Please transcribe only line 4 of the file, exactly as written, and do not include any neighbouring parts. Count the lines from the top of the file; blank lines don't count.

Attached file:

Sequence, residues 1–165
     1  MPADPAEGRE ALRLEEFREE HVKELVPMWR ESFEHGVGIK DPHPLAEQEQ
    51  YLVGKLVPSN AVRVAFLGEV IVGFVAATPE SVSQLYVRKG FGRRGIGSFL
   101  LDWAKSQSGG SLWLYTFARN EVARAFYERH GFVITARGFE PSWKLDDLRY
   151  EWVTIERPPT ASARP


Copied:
   101  LDWAKSQSGG SLWLYTFARN EVARAFYERH GFVITARGFE PSWKLDDLRY